The latest launch from Cape Canaveral will aim to capture the first images of the sun's north and south poles.
The Solar Orbiter will lift off from Cape Canaveral Air Force Station on Sunday night. It is a joint mission between the European Space Agency and NASA. It will be carried on an Atlas V rocket.
"The spacecraft ... and the range equipment are all ready, and our combined government and contract launch team is ready to launch (the) Solar Orbiter on its amazing journey to study the sun," launch director Tim Dunn said.
The Solar Orbiter is equipped with 10 state-of-the-art instruments from NASA and the European Space Agency, which will provide scientists with data. The spacecraft will complement the work already being done by the Parker Solar Probe, which was launched by NASA in 2018.
Solar Orbiter set for liftoff this weekend to capture historic images of sun | Read more: https://t.co/7UtRfmFr8S #wftv pic.twitter.com/9sKAUTzELE— WFTV Channel 9 (@WFTV) February 8, 2020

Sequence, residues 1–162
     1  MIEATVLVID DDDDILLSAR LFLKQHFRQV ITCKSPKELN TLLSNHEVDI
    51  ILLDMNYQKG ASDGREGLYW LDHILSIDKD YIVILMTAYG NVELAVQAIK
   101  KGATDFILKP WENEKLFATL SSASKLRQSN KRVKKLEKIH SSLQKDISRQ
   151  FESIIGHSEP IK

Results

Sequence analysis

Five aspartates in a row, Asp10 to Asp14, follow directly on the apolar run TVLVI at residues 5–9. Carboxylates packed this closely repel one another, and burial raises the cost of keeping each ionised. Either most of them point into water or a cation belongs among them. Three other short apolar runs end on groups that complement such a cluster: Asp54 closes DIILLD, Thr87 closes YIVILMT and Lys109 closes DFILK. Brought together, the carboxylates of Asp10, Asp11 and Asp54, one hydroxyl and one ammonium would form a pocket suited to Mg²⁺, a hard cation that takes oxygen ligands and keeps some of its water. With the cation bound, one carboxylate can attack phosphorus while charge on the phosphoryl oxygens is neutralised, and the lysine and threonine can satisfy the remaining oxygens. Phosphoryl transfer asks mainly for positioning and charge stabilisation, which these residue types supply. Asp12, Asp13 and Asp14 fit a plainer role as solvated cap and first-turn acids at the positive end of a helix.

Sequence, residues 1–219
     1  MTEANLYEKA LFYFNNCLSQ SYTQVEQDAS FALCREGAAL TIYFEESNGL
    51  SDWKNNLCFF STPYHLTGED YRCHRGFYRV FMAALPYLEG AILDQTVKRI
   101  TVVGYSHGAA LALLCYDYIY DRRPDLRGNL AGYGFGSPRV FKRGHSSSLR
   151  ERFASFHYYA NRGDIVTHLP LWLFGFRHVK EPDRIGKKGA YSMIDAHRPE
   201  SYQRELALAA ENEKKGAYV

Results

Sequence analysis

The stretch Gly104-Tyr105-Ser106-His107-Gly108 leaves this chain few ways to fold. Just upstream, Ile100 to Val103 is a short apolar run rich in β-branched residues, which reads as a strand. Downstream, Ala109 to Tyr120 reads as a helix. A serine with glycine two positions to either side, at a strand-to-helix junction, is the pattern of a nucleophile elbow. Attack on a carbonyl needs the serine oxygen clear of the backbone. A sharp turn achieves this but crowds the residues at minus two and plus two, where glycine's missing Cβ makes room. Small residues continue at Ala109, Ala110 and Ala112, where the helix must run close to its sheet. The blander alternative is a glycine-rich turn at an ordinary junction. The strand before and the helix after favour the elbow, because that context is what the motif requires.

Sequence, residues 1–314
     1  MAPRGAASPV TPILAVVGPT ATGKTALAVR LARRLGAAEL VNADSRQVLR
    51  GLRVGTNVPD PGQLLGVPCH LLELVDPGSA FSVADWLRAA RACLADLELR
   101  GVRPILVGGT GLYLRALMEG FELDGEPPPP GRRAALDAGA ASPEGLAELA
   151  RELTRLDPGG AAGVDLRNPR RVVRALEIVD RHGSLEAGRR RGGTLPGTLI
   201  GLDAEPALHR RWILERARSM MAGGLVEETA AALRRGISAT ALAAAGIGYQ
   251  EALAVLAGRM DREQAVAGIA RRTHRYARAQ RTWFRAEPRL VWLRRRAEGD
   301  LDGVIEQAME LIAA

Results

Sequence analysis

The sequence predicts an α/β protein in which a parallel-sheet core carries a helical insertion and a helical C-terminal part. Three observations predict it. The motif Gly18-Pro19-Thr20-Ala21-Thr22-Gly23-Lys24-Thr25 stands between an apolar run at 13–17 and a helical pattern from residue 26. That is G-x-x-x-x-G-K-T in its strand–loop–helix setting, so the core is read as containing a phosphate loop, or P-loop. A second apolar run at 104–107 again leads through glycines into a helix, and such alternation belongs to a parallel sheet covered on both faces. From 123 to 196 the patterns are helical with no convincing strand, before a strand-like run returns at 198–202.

In addition to capturing the images of the sun’s poles, the joint mission will also study the sun’s outer atmosphere and solar wind, helping scientists better forecast space weather events.
“As we move out into space, as we start doing businesses out in space, NASA and the commercial communities will all be working together, and the data from missions like this creates predictive model(s) so we’ll be able to protect our astronauts, protect our assets,” said Alan Zide, Solar Orbiter program executive.
The Solar Orbiter’s mission is expected to last about a decade.
Ahead of the Solar Orbiter launch, NASA and Boeing officials on Friday afternoon acknowledged an issue with a mission-elapsed timer during the Starliner’s orbital flight test.
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